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Anonymous Career Advice

Knowing it’s time to leave vs unfinished business

This week’s anonymous career advice is going to be applicable for many people over the next quarter, with more people returning to offices and continuing working in the hybrid environment, we will see staff of all levels question is it time to leave or complete your role at your current company.

Dear focus, I have been in a director of role for the last three years and a director of for two years before this at another company, although I feel like I have Unfinished business, I’m not sure if it’s time for me to leave and take on my next challenge. Can you help?

You are encountering something that many people will be wrangling with over the next six to nine months. 

Regarding your specific question, there are a few layers to unpack.

Service:
The job market has shifted a lot over the last 18 months, there are many businesses rehiring, there are many companies growing and expanding headcount, there are others making the calculated risk to hire and mature their teams with more senior hires.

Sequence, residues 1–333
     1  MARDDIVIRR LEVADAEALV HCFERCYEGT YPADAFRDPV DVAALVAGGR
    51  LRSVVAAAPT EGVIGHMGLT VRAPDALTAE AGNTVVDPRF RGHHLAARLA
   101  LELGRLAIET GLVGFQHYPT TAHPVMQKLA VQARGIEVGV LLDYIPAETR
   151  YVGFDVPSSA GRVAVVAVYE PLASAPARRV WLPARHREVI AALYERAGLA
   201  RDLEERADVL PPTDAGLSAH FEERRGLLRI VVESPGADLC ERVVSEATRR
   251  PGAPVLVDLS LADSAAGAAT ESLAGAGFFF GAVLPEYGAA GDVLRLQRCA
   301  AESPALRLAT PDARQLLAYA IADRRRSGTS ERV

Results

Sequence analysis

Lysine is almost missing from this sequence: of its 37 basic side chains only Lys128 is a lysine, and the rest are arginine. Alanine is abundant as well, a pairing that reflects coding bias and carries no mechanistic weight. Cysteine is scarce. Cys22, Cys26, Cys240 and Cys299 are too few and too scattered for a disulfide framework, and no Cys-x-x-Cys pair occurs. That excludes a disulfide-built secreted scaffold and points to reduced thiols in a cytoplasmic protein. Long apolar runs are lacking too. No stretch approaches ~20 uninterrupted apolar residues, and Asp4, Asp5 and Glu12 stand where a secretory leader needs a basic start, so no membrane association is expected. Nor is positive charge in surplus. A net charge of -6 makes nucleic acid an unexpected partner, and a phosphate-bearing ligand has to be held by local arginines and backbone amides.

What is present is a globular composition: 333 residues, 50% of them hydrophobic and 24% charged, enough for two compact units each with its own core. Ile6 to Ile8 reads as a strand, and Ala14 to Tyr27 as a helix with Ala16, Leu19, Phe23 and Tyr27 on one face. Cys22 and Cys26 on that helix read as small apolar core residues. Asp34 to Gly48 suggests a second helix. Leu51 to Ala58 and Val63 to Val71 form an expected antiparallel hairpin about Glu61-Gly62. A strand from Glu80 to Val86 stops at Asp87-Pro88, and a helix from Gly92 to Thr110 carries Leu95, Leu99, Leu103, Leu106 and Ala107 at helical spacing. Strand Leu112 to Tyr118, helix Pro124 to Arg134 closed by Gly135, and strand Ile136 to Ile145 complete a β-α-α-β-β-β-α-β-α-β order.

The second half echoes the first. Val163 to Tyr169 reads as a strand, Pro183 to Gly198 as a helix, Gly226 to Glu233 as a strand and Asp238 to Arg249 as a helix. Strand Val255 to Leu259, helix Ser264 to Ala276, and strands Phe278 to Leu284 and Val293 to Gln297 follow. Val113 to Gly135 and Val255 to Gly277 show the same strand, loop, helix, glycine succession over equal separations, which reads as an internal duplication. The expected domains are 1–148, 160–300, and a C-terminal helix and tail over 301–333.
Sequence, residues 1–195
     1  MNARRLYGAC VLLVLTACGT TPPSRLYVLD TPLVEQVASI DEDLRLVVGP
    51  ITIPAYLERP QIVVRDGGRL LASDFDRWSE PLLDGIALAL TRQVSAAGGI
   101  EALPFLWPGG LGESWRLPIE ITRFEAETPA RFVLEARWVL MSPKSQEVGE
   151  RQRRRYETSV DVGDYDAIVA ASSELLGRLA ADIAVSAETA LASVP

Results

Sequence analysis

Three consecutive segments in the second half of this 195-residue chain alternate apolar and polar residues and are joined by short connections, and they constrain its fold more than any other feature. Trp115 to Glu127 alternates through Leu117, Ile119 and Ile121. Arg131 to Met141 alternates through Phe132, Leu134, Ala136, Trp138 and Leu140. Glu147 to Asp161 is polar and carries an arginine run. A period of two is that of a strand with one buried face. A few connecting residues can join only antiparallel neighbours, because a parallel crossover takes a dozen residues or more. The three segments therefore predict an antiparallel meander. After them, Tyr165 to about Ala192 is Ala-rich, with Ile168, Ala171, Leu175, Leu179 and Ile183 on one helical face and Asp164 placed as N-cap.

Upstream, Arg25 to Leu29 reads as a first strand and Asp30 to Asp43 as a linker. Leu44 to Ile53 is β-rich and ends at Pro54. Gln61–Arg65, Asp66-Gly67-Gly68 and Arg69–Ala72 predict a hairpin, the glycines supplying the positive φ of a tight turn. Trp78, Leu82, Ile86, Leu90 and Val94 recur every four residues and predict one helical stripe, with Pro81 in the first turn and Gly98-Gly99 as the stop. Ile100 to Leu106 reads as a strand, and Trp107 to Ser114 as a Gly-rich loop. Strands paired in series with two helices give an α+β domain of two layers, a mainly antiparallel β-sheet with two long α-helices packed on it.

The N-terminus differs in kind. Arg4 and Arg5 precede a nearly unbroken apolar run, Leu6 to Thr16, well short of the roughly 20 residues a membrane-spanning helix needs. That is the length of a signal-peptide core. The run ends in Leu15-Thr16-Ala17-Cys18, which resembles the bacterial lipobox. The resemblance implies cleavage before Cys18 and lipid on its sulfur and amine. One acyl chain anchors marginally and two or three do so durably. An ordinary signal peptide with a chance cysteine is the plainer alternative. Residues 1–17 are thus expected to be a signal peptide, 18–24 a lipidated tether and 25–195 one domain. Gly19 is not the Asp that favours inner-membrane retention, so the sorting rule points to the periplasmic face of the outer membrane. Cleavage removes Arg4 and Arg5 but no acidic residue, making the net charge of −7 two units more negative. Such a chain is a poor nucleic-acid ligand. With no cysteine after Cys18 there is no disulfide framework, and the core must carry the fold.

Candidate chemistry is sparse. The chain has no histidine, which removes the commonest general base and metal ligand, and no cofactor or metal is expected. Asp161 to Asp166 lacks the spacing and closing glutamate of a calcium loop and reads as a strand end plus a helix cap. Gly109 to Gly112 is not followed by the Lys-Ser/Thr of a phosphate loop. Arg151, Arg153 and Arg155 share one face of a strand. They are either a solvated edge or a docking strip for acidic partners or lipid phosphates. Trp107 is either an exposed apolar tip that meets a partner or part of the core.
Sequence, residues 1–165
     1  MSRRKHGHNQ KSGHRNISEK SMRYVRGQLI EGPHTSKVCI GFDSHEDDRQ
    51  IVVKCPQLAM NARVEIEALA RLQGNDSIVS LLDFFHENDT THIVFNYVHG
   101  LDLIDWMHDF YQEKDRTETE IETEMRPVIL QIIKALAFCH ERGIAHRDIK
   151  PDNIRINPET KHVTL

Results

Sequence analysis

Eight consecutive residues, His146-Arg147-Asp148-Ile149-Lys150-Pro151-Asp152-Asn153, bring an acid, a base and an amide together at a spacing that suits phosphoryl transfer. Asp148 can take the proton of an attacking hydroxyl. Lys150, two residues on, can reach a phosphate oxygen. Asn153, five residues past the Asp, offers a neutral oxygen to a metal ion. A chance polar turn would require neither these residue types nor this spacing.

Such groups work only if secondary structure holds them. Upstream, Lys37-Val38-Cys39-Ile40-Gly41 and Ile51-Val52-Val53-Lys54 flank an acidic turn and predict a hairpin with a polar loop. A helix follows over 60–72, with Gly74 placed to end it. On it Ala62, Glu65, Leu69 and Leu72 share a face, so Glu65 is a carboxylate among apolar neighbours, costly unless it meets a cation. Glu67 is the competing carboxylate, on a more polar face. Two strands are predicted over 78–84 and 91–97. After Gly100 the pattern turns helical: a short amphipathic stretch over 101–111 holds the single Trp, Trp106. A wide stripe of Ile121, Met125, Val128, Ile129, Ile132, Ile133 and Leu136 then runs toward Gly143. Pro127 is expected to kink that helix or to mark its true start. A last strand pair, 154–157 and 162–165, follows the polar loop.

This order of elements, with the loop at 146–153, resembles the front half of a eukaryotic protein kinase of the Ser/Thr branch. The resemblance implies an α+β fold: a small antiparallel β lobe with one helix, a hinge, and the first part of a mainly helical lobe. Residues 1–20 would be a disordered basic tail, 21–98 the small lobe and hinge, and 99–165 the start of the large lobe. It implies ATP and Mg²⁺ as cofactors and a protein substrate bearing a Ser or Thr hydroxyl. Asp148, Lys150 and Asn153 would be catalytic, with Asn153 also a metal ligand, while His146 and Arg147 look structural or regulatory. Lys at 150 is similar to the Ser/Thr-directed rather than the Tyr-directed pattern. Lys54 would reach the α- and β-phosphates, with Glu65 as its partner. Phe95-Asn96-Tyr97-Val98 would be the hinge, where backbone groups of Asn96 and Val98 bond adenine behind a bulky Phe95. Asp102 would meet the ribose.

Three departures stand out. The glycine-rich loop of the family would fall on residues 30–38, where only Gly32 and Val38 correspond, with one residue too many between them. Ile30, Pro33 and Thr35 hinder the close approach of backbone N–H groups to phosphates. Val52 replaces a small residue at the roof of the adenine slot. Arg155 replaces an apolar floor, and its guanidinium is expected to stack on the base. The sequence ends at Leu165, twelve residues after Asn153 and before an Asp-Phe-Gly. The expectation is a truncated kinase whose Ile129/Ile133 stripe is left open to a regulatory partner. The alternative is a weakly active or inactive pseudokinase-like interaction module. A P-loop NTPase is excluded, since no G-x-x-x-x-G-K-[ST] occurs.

Gone are the days in many markets you stay with a company for over a decade most tenure is under four years, so you have been with this company in a senior role for a good time period. 

Service and tenure can work for you and against you, one thing to ensure is ‘have you used up your social capital’ and have you become part of the furniture vs adding real value and being listened to? 

Regularly this can be understood by speaking to those around you and those above you, if your influence has declined and you feel like this is hurting your career, it might just be time to explore and get back to high performance and being valued. 

Title:
Many titles can be misleading, it doesn’t necessarily indicate your influence within the company or the level you operate at externally. 

If you are disheartened about the same title or not being able to take a V title or a c-suite title, there might be ways to ask for the timeline when this might be available. 

Is promotion an important thing to you? Are titles important to you where you are at? If yes, you need to understand the timeline and understand how you are considered internally, often this is harder to gain feedback on, however speaking to your boss, your colleagues on the same level and HR can help you understand this. Be prepared for tough questions and honest feedback loops. 

Know Your Worth?